(Natural News) The U.K. government is urging people to wash their hands as often as necessary and to avoid touching their faces with unclean hands. The advice comes as part of the second phase of a massive public awareness campaign, which aims to minimize the spread of the coronavirus.
Health officials say that the virus may be picked up just by touching contaminated objects. People infected with the virus can leave it on hard metal or plastic surfaces, such as doorknobs or handrails in public places, if they sneeze or cough onto their hands and neglect washing them. The coronavirus is believed to remain contagious on a hard surface for up to 72 hours.
Proper hygiene to prevent the coronavirus outbreak
Professor Chris Whitty, U.K.’s chief medical adviser, said that people who touch contaminated surfaces are at risk of infection if they then touch their faces without washing.
“The virus can enter the body through the eyes, nose and mouth, but not through the skin,” he explained, in a meeting with Parliament’s Health and Social Care Committee on Wednesday.
To stop further spreading of the coronavirus, local authorities, together with the National Health Service (NHS) and Public Health England (PHE), are urging people to wash their hands for 20 seconds at a time using hot water and soap. Crucial moments when hand hygiene is paramount include after arriving home or at work; after blowing your nose, coughing or sneezing; and before handling any food.
According to Professor Linfa Wang, a virologist and director of the Emerging Infectious Diseases Program at Duke-NUS Medical School in Singapore, coronavirus transmission through the hands is likely to be more common than through the air, as people are all wearing masks but are not doing anything to protect their hands. He stressed the importance of hand hygiene for public health in the face of the coronavirus crisis.
Here’s a guide posted on the NHS website on how to wash your hands thoroughly to protect yourself from the coronavirus and other illnesses.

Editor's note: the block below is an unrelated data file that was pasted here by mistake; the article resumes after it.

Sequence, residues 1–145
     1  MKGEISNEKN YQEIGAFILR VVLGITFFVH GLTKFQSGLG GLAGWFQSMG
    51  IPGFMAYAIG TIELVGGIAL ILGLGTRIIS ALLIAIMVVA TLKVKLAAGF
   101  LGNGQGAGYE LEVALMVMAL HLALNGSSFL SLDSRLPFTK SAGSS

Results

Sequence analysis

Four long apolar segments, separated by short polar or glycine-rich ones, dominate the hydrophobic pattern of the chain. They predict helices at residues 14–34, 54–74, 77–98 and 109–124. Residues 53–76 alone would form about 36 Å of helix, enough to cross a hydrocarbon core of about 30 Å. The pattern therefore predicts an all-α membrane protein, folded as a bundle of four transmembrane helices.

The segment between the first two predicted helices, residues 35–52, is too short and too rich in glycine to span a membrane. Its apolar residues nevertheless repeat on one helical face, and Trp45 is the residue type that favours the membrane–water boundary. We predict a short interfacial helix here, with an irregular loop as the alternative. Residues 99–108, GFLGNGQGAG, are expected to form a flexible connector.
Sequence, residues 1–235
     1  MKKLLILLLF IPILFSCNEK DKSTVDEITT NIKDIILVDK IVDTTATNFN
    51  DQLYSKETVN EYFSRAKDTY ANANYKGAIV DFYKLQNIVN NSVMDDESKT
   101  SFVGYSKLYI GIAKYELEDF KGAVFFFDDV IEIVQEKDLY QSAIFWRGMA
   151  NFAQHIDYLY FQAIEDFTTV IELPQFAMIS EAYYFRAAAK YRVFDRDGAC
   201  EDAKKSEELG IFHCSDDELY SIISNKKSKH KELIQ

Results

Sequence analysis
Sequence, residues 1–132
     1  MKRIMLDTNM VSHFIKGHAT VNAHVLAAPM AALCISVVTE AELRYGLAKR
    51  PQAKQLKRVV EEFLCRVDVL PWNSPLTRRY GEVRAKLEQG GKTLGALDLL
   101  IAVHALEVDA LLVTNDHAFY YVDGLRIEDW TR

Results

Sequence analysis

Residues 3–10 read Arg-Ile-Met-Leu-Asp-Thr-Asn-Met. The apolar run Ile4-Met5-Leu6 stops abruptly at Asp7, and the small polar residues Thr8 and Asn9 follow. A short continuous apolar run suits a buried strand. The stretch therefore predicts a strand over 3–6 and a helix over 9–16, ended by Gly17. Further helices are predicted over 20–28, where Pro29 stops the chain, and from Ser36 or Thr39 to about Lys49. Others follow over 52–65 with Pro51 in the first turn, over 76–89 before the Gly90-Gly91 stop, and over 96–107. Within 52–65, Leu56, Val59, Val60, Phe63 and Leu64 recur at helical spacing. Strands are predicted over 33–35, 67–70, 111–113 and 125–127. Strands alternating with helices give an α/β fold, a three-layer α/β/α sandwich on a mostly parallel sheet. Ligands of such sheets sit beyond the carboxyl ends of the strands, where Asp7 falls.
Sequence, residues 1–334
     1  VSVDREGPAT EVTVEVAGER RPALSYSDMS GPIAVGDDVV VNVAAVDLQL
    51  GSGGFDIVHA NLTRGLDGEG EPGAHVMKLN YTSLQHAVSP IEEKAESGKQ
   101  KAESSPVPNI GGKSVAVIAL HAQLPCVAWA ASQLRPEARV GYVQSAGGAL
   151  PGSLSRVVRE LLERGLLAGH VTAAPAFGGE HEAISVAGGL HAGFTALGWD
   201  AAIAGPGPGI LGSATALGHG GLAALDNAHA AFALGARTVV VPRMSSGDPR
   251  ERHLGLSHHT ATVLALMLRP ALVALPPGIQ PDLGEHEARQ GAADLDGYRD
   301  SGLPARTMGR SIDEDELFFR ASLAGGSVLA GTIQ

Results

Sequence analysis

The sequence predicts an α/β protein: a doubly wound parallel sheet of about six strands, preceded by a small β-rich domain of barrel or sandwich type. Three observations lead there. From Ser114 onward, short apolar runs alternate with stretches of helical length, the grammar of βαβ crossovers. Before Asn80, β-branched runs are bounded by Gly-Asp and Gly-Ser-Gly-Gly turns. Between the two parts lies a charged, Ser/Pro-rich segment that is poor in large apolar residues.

Besides frequent hand washing, people are also advised to cough or sneeze into tissues to prevent transmission of the virus through droplets. Covering the mouth is important, says health officials, as the virus can be coughed into the air by an infected person and inhaled by others. Used tissues should be disposed of immediately in the trash.
“We all have a role to play in stopping this disease and that’s what this expanded campaign is all about – making sure the public knows exactly what they should be doing to keep themselves and others safe. Washing hands regularly is the single most important thing that an individual can do,” said U.K. Health and Social Care Secretary Matt Hancock in a statement posted on the U.K. government’s website.
The number of confirmed cases in the U.K. has now reached 115 as of yesterday, according to a report by BBC News. (Related: UK now on the verge of a coronavirus epidemic, warn health experts.)
Protective measures against the coronavirus
In response to the growing number of coronavirus cases worldwide, the World Health Organization (WHO) has posted its recommendations for the public on its website.
Among many things, the agency advises regular hand washing and not touching the eyes, nose and mouth to avoid possible transfer of the virus. The WHO also emphasizes the importance of practicing respiratory hygiene and seeking medical care early. People who feel unwell are advised to stay home or seek medical attention if they show common symptoms of coronavirus infection, such as fever, cough and difficulty breathing.
As a preventive measure, the WHO recommends maintaining social distancing, especially in public places. Putting a good three feet between yourself and another person can help you avoid infection through small liquid droplets he or she might spray when coughing or sneezing. The agency also encourages active participation in the fight against the coronavirus by staying aware of the latest information from national and local public health authorities, and by following the advice of health care providers.